Type 1, Silver
Ron Guth: The first Kennedy Half Dollars were made of 90% silver, as were all Dimes and Quarter Dollars produced in 1964. In 1965, the silver in the Half Dollars was reduced to 40% silver, while the Dimes and Quarter Dollars were made with outer layers of copper-nickel over an inner layer of pure copper.
The Kennedy Half Dollar was an instant succes and the entire mintage was absorbed by eager collectors and people who wanted souvenirs of this popular president. Many pieces went overseas, where Kennedy was just as popular as he was in the States. Kennedy Half Dollars were available through banking institutions, but few were used in actual commerce, a situation that changed little in subsequent years. Today, the 90% silver versions are prized for their metal value, which fluctuates with the daily price of silver. Thus, many of the 1964 Half Dollars have been melted down over the years, including the Uncirculated versions (which carry little or no premium over circulated examples). Nevertheless, the Kennedy Half Dollar remains very popular with collectors because of its theme and the relatively low cost of building a quality collection.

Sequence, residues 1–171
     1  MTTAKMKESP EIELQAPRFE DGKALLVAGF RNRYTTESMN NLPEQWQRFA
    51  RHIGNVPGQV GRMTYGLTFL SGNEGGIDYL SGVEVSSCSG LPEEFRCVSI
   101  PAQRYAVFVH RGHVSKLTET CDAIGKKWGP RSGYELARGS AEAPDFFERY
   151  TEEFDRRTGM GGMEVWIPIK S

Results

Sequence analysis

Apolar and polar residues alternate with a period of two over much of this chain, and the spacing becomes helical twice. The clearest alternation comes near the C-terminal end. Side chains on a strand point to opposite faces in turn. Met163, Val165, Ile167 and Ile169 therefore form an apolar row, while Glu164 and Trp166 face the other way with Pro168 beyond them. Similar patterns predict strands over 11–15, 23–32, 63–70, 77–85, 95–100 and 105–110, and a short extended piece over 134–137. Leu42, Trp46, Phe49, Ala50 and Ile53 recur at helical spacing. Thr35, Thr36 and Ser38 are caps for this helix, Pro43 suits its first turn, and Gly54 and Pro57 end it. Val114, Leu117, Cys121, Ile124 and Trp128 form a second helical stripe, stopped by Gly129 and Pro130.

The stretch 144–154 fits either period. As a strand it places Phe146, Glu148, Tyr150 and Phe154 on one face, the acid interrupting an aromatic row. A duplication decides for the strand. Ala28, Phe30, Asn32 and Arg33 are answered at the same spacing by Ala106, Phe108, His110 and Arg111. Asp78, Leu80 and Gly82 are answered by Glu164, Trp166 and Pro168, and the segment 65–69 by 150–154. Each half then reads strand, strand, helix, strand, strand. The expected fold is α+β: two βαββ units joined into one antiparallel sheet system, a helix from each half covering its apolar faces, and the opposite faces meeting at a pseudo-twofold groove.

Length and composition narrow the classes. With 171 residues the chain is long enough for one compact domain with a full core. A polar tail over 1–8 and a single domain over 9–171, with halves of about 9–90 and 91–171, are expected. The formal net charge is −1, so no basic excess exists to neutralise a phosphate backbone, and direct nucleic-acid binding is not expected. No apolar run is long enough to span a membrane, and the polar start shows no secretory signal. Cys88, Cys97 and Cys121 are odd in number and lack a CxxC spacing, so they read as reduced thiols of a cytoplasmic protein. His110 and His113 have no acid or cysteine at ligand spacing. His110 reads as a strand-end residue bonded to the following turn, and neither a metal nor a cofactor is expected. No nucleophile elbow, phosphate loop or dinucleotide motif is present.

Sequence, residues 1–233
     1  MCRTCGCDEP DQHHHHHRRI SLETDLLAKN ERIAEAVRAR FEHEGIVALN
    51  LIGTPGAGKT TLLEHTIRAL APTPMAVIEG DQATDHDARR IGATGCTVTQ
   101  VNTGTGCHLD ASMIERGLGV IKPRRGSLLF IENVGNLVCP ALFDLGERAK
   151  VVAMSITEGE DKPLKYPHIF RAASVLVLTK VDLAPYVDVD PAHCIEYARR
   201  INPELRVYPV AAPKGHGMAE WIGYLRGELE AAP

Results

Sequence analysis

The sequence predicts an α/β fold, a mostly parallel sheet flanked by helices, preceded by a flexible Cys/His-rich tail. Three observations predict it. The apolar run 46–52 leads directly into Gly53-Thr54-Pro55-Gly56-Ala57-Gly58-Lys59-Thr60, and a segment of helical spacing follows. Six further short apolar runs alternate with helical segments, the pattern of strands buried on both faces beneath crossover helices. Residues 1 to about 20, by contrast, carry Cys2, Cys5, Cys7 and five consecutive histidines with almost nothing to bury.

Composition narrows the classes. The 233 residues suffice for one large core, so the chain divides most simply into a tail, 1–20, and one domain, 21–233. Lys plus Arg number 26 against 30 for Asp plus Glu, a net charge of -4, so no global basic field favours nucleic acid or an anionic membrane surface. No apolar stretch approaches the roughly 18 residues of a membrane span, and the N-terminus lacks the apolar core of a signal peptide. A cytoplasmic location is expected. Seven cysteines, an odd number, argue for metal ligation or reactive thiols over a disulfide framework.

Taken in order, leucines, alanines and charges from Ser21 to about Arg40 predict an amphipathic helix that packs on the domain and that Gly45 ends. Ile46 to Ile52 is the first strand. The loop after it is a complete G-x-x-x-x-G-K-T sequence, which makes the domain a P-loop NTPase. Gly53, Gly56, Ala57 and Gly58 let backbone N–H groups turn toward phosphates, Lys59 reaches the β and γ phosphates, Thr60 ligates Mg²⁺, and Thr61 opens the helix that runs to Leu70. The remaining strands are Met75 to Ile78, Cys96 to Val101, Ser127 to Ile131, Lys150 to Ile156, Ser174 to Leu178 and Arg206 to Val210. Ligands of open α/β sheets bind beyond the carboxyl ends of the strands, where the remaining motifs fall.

Beginning in 1992, the Mint offered special, 90% silver Kennedy Half Dollars for sale to collectors; these are available only as Proofs. In 1998 only, 90% silver Half Dollars were issued in both brilliant and matte Proof formats. The later 90% silver Half Dollars are included with the 1964 issues as a distinct type because of their similar metal content.
The only major variety of this sub-type is the "Accented Hair" variety of 1964, which shows much deeper definition of Kennedy's hair. Supposedly, Kennedy's widow, Jacqueline, disapproved of the design, which was later modifed, but not before an unknown quantity of Proof coins had been struck.